Putin and Wagner, by Andrew Korybko

Are there traitors in Russia’s highest ranks? From Andrew Korybko at theautomaticearth.com:

Wagner chief Evgeny Prigozhin published an open letter to President Putin, Chief of General Staff Gerasimov, the Ministry of Defense, and the Russian people on Friday declaring that his private military company will withdraw from Artyomovsk on 10 May due an absence of ammunition. RT reported that he blamed “paramilitary bureaucrats” for this scandalous state of affairs and requested that his fighters’ positions be replaced by the Russian Army in order to retain their gains there over the past half-year.

Prigozhin has been feuding with the Ministry of Defense over logistics for quite a while already, which has prompted Western observers to speculate that there are either serious problems with Russia’s military-industrial capabilities and/or that this is part of a power play by one of those two. It’s impossible for outside observers to know what’s really going on behind the scenes, but his latest statement makes clear his implied plea for President Putin to establish a modern-day “oprichnina” without delay.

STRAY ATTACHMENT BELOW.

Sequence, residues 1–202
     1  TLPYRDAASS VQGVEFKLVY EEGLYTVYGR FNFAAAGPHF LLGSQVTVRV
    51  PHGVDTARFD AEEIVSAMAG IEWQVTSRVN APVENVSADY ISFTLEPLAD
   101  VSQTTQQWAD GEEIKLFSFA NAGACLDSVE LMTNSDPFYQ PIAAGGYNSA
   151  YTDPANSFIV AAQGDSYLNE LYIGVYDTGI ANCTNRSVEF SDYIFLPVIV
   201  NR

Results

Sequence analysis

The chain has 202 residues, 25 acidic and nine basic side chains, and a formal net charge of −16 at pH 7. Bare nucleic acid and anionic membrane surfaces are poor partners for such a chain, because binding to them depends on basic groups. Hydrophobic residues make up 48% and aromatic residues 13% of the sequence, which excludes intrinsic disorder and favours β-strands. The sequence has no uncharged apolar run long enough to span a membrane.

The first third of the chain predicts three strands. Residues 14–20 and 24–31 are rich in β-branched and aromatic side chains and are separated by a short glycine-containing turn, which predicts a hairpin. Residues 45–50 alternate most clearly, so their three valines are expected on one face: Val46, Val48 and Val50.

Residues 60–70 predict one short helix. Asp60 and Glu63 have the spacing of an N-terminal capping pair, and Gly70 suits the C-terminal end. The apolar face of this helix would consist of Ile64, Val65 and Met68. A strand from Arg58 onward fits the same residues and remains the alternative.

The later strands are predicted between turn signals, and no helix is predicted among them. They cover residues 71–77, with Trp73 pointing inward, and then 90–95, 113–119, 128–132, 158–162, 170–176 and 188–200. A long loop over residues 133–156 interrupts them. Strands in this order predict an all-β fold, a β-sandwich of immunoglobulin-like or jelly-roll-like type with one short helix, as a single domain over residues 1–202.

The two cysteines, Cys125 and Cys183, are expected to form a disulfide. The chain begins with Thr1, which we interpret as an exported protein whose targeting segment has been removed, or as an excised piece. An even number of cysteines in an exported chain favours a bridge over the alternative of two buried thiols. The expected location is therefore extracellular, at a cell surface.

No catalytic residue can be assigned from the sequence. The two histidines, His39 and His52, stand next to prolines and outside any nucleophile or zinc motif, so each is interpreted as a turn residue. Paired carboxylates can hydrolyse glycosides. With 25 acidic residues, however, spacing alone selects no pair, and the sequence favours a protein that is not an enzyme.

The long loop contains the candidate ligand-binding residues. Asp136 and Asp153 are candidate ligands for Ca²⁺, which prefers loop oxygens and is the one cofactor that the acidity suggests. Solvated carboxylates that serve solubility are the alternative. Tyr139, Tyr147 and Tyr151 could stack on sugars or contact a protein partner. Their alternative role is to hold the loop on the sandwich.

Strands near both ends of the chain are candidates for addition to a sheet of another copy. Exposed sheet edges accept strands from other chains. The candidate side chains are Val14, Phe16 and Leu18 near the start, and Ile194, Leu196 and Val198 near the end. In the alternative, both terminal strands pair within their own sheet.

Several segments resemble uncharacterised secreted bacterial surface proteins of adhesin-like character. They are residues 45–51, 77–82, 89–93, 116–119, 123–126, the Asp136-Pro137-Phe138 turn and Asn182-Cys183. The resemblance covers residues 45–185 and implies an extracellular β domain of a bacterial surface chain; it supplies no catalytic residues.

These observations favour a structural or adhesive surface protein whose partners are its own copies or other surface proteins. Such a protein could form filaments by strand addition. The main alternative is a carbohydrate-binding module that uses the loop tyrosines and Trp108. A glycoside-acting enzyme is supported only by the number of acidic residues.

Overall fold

This refers to Ivan the Formidable’s (commonly mistranslated into English as “the Terrible”) special forces that were assembled to root out traitorous elements among the boyars, which were the powerful Russian nobility, amidst their country’s long-running Livonian War at the time. While smeared by Western historians as the Tsar’s unaccountable assassins who allegedly terrorized the population, they’re deeply appreciated by many Russian historians who regard them as patriotic forces.

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